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Pathologists’ slide storage: ice age technology comes to the rescue
  1. R Awasthi,
  2. A Sherwood,
  3. S Blunden,
  4. H Blakely,
  5. M E F Smith
  1. Department of Histopathology, Derriford Hospital, Derriford Road, Plymouth PL6 8DH, UK;

Statistics from

Piles of glass slides (fig 1) from cases pending, strewn untidily across a pathologist’s desk, adjacent to his or her microscope, is a far from uncommon sight. As one pile collapses inevitably into another, slides from different cases become increasingly jumbled, and the quick identification of the slides becomes ever more difficult. And while the pathologist eagerly awaits the arrival of the requested levels, special stains, or sections from further blocks, yet more slides (from new cases pending) invariably accumulate. We decided to investigate how common this scenario is and what could be done to improve it.

Figure 1

 Scattered slides on the desk.

We prepared a simple questionnaire and invited our histopathologist colleagues in Plymouth, Exeter, and Truro, UK, to tell us how they coped with the problem of storing slides from cases pending and, if they were experiencing problems, whether they could think of any solutions. We received responses from 15 consultant pathologists and five registrars.

The average number of pending cases was five for each person (range, 1-10). The average number of pending slides was 39 for each person (range, 2-80). The preferred choice of storage (12 pathologists) was to retain the slides with the request form in a slide tray, whereas seven preferred to pile the slides on the desk or in a drawer. One pathologist sent the slides back to the lab along with the request form for extra work. Four pathologists maintained no paper record of their cases pending and as a consequence tended to loose track of them. Most pathologists kept track and were reminded of their pending cases by the sight of the retained slides and request forms.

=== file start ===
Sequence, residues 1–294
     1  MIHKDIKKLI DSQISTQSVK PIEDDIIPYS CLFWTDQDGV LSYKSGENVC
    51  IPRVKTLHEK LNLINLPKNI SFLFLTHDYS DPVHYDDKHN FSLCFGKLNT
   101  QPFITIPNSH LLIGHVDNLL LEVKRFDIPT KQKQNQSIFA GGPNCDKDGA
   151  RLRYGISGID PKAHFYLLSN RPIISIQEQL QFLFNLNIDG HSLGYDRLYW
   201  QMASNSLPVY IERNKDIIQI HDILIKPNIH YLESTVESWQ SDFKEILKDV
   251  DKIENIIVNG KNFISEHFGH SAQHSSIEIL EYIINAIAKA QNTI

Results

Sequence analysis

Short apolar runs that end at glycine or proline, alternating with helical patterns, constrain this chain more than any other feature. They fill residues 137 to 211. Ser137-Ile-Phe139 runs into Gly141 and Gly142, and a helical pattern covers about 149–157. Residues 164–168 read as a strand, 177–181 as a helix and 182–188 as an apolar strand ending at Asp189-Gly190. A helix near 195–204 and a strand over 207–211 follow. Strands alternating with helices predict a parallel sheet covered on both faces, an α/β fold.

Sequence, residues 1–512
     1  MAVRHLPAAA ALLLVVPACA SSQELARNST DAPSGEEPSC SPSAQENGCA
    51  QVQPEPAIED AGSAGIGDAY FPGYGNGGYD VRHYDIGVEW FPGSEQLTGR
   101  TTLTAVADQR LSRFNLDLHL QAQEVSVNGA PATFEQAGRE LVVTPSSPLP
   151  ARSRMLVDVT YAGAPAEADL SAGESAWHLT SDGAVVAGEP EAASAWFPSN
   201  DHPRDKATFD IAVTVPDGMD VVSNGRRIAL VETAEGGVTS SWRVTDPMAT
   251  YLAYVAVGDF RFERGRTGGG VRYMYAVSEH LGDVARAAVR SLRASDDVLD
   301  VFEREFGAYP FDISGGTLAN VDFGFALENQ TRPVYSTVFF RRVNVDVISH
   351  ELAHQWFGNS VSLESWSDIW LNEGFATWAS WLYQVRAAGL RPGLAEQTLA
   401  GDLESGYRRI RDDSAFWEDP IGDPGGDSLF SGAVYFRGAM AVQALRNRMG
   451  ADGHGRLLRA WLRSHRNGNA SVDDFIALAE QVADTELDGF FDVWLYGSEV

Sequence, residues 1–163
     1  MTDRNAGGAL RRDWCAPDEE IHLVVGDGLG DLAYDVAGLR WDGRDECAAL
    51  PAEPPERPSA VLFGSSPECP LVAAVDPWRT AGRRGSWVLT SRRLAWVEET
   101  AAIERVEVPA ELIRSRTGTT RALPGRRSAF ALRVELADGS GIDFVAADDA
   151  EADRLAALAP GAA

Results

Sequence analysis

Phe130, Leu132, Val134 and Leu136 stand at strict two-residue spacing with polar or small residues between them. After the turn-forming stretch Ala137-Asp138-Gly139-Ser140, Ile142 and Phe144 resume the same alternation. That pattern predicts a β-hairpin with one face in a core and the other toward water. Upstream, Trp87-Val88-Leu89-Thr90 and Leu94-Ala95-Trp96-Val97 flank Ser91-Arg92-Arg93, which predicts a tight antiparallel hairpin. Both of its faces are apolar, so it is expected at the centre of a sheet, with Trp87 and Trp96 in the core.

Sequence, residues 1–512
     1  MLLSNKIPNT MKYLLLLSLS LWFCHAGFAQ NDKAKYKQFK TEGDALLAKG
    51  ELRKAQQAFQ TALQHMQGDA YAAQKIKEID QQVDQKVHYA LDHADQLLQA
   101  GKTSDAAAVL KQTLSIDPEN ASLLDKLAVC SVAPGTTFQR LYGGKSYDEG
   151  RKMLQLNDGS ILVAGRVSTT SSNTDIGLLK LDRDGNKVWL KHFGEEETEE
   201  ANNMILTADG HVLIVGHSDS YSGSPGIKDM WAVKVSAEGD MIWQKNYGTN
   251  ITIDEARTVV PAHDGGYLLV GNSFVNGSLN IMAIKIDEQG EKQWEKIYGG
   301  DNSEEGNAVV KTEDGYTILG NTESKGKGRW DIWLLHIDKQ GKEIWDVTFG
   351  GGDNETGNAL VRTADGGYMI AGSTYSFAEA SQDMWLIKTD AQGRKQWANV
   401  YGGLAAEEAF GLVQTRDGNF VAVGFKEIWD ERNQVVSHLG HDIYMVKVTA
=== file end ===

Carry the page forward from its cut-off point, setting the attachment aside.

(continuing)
Four pathologists were very satisfied by their chosen method of slide storage and found slide retrieval always easy (two of these used slide trays and two piled their slides on the desk). Fourteen pathologists admitted to encountering some problem but usually found slide retrieval easy. Two pathologists found slide retrieval always difficult and one of them was seriously looking for a better option for slide storage.

We suggest that an effective solution to the problem of storing slides from pending cases is to use a plastic tray with multiple deep wells, each well capable of storing multiple slides (up to 12 slides) of a single case. The slides would be naturally inclined at an angle of 45 degrees, thus allowing the easy viewing of their labels from the vantage of the microscope. If request forms were to be retained, they could be stored under the tray.

An ideal design for just such a slide tray has in fact been available for many years, typically incorporating 18 separate wells, and thereby accommodating the slides from 18 cases: the almost ubiquitous ice cube tray (fig 2). Such a tray has been used for several months now by one of us to great effect.

Figure 2

 Well organised slides in an ice cube tray.

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